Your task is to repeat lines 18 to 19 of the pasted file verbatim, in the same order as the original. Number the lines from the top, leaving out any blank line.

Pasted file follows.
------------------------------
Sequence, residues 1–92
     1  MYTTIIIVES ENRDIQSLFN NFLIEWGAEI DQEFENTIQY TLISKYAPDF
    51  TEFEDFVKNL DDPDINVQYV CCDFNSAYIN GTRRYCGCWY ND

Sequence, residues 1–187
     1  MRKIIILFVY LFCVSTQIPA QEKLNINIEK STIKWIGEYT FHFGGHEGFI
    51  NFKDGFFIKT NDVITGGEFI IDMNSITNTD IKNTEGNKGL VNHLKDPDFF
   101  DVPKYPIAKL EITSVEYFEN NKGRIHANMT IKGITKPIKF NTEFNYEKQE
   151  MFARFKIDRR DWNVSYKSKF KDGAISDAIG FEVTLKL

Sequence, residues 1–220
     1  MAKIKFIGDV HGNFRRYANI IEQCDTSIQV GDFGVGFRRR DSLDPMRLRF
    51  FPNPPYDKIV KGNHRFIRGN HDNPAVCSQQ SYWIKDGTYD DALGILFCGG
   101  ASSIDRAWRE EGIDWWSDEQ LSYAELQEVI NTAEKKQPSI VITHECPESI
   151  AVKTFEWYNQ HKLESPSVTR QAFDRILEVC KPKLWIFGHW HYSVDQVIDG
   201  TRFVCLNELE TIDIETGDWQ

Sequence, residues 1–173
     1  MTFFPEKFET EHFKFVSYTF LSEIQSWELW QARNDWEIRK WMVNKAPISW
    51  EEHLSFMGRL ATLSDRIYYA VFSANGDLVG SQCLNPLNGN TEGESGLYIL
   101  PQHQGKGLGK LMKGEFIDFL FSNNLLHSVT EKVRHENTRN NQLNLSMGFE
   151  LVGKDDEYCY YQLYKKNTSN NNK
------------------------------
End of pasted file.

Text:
   101  PQHQGKGLGK LMKGEFIDFL FSNNLLHSVT EKVRHENTRN NQLNLSMGFE
   151  LVGKDDEYCY YQLYKKNTSN NNK